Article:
Longtime Cambodian tech observer Sok Sikieng says that although more women have joined profession in recent years, there remain significant factors hindering women from reaching tech potential

    Trans-Adriatic Pipeline to Boost European Energy Security

    $4.5 billion-pipeline will become operational in 2020 and will deliver gas from Azerbaijan’s Shah Deniz II field to southern Italy

    Video California Celebration Showcases Local Wines, Balloons

    Annual festival showcases the region's harvested agriculture, fine wines and offers opportunities to experience the gentle breeze in a hot air balloon flight

    This forum has been closed.
    Comments
         
    There are no comments in this forum. Be first and add one

    Featured Videos

    Your JavaScript is turned off or you have an old version of Adobe's Flash Player. Get the latest Flash player.
    Vietnamese-American Youth Optimistic About Obama's Visit to Vietnami
    X
    Elizabeth Lee
    May 22, 2016 6:04 AM
    U.S. President Barack Obama's visit to Vietnam later this month comes at a time when Vietnam is seeking stronger ties with the United States. Many Vietnamese Americans, especially the younger generation, are optimistic Obama’s trip will help further reconciliation between the two former foes. Elizabeth Lee has more from the community called "Little Saigon" located south of Los Angeles.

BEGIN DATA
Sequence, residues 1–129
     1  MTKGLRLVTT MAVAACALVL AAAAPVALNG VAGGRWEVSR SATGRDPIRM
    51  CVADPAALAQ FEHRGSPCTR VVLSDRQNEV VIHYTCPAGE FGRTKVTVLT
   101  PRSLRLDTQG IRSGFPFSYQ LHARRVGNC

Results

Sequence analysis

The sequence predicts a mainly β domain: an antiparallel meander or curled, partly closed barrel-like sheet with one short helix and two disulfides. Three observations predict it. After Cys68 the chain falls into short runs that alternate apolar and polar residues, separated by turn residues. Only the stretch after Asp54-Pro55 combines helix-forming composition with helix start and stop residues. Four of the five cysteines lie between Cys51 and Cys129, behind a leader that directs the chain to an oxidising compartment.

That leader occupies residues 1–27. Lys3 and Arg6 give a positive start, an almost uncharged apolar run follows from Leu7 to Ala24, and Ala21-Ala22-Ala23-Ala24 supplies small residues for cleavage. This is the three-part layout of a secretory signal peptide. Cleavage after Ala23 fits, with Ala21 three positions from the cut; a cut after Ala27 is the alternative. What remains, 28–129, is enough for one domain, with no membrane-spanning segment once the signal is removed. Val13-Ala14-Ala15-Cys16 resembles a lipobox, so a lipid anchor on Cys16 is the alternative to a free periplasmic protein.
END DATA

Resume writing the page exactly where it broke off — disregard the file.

Video

    Video Vietnamese-American Youth Optimistic About Obama's Visit to Vietnam

    U.S. President Barack Obama's visit to Vietnam later this month comes at a time when Vietnam is seeking stronger ties with the United States. Many Vietnamese Americans, especially the younger generation, are optimistic Obama’s trip will help further reconciliation between the two former foes. Elizabeth Lee has more from the community called "Little Saigon" located south of Los Angeles.
    Video

    Video First-generation, Afghan-American Student Sets Sights on Basketball Glory

    Their parents are immigrants to the United States. They are kids who live between two worlds -- their parents' homeland and the U.S. For many of them, they feel most "American" at school. It can be tricky balancing both worlds. In this report, produced by Beth Mendelson, Arash Arabasadi tells us about one Afghan-American student who seems to be coping -- one shot at a time.
    Video

    Video Newest US Citizens, Writing the Next Great Chapter

    While universities across the United States honor their newest graduates this Friday, many immigrants in downtown Manhattan are celebrating, too. One hundred of them, representing 31 countries across four continents, graduated as U.S. citizens, joining the ranks of 680,000 others every year in New York and cities around the country.
    Video

    Video Vietnam Sees Strong Economic Growth Despite Incomplete Reforms